there is another, more interesting, and perhaps more important reason
for the reawakening of nationalist politics in the United States. It has
to do with the rigidity and frustrating results of Washington's foreign
policy consensus at a time of great flux at home and abroad.
While presidents have avoided talk of "exceptionalism," Washington's foreign policy community has emphasized exceptionalism,
as opposed to realism, in large part because of the politics it faces
at home and the challenges and the opportunities they see abroad. For
much of the post-Cold War era, Republican and Democratic foreign
policy-makers and elites have coalesced around the idea of the United
States as an "indispensable nation" in a "unipolar moment." In other words, America is exceptional in its power and exceptional in its mission and thus must serve, as some have written, as the "world's government" underwriting its security, economy, and development .
exceptionalist consensus means, among other things, that the Clinton, Bush, and Obama foreign policies have all had
this underlying ideology in common. Obama himself, in his 2009 Nobel laureate lecture, may have best defended the resulting good, bad, and ugly foreign policy when he said,
"The United States of America has helped underwrite global security for
more than six decades with the blood of our citizens and the strength
of our arms."
The consensus still holds a tremendous sway in
Washington. Republicans seem to object more strongly to how Obama is
going about the country's foreign policy business than to what he has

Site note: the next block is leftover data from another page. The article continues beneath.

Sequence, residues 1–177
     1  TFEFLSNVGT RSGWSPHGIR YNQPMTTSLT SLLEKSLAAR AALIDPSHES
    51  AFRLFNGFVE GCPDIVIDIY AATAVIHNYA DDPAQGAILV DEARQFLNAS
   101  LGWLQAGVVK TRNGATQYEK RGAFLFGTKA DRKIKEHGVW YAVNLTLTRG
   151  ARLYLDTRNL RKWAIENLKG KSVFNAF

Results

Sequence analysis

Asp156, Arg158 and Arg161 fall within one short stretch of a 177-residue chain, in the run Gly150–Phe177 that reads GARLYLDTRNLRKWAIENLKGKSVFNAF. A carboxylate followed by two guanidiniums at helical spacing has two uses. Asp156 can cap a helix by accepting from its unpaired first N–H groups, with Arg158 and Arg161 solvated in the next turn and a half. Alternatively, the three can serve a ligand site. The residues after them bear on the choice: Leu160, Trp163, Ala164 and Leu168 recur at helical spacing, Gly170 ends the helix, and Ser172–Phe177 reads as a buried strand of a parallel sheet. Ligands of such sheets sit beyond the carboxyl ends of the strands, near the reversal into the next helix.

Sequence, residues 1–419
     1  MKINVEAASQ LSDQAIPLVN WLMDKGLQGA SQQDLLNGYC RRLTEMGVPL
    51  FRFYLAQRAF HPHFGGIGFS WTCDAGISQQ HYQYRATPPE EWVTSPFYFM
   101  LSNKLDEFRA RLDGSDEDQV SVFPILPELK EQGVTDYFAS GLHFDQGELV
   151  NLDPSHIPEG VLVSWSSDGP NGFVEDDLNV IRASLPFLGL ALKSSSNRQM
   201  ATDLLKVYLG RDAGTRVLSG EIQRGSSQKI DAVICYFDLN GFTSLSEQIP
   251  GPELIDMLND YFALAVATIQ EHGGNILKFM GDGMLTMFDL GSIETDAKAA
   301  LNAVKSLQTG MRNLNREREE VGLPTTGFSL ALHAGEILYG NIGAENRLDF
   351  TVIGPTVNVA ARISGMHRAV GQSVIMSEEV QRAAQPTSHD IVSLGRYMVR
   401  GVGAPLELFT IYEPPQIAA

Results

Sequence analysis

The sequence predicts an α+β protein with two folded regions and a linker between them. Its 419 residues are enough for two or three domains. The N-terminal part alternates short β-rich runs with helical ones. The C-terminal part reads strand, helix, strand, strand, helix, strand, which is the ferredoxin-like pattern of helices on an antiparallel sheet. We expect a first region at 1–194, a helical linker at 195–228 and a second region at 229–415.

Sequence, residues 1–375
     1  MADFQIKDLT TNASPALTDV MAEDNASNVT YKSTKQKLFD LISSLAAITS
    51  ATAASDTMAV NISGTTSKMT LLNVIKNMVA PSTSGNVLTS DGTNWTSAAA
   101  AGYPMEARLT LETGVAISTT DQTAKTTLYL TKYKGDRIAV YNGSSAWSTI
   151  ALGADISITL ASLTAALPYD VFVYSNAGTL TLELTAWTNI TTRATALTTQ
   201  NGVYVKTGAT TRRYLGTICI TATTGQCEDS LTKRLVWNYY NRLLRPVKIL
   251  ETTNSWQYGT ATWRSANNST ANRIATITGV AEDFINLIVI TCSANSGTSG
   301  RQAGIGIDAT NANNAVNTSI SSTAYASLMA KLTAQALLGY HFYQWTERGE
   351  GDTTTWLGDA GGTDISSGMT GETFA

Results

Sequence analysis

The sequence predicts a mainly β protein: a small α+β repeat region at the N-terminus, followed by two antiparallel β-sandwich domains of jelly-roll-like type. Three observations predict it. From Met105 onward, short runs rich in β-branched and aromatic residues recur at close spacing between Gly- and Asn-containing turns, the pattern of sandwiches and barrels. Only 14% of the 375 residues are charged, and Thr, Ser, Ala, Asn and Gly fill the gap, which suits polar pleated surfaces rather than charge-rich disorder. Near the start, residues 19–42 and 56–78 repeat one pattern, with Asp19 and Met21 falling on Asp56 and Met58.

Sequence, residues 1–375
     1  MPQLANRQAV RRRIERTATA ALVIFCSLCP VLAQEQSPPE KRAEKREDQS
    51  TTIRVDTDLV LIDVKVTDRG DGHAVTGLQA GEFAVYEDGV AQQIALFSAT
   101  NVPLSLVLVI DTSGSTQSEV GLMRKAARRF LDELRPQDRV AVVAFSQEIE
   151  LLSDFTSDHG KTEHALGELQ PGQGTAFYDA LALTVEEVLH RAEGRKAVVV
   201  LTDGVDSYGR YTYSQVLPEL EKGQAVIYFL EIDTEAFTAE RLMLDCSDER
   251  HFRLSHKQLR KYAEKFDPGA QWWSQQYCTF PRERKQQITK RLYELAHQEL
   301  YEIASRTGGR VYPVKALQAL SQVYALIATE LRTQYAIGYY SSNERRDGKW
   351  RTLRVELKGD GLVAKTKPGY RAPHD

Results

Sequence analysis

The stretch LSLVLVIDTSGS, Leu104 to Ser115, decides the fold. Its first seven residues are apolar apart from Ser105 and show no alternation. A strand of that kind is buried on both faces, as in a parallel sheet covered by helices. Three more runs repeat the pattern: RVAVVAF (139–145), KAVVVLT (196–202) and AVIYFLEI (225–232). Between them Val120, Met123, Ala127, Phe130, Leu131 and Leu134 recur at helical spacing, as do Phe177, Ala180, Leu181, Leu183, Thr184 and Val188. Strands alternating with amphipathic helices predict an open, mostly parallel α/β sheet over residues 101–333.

chosen to do. The result is a debate on the margins: Republican focus on
the deadline imposed on how quickly to withdraw from Iraq rather than
whether a long-term involvement in that country is in the nation's best
Still, the U.S. foreign policy consensus has a
mixed track record: the nation is in a more frustrating international
position today than it was at the end of the Cold War. Its economy is
beleaguered, its military overstretched, its governance dysfunctional,
and its political influence only somewhat recovered from unpopularity of
the George W. Bush administration. Republicans and Democrats, rather
than revising the prevailing consensus or holding difficult and
politically sensitive conversations over this new reality, have focused
on posture over policy; talking about how the consensus will be put into
action rather than whether its persistence is a good idea.
candidates now are arguing that a more exceptionalist posture, like the
one they believe President Ronald Reagan took in the 1980s, would help
the nation. In 2008, President Obama's supporters believed something
similar: that his persona, based on his international background, racial
heritage, and rhetorical gifts gave him, and thus the United States,
added authority in its relations with the world. This wasn't a campaign
talking point, but it occasionally popped up. In November 2007, Obama told an interviewer:
you can tell people, "We have a president in the White House who still
has a grandmother living in a hut on the shores of Lake Victoria and has
a sister who's half-Indonesian, married to a Chinese-Canadian," then
they're going to think that he may have a better sense of what's going
on in our lives and in our country. And they'd be right.
personal exceptionalism and his view of American exceptionalism will be
put to the test this election season against his Republican opponents.
At a time of limited American focus on foreign policy news and matters,
it's unlikely to be the main event. But with these nationalist stirrings
returning to American politics, the fight over who best envisions --
and who best represents -- American exceptionalism will be a part of the